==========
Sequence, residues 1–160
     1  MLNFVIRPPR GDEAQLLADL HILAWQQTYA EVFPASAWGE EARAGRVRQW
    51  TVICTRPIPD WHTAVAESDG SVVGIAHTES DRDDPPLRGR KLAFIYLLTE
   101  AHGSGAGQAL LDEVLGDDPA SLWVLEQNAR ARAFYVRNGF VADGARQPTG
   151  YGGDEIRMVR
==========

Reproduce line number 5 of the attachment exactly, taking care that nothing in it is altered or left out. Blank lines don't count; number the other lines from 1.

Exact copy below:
   151  YGGDEIRMVR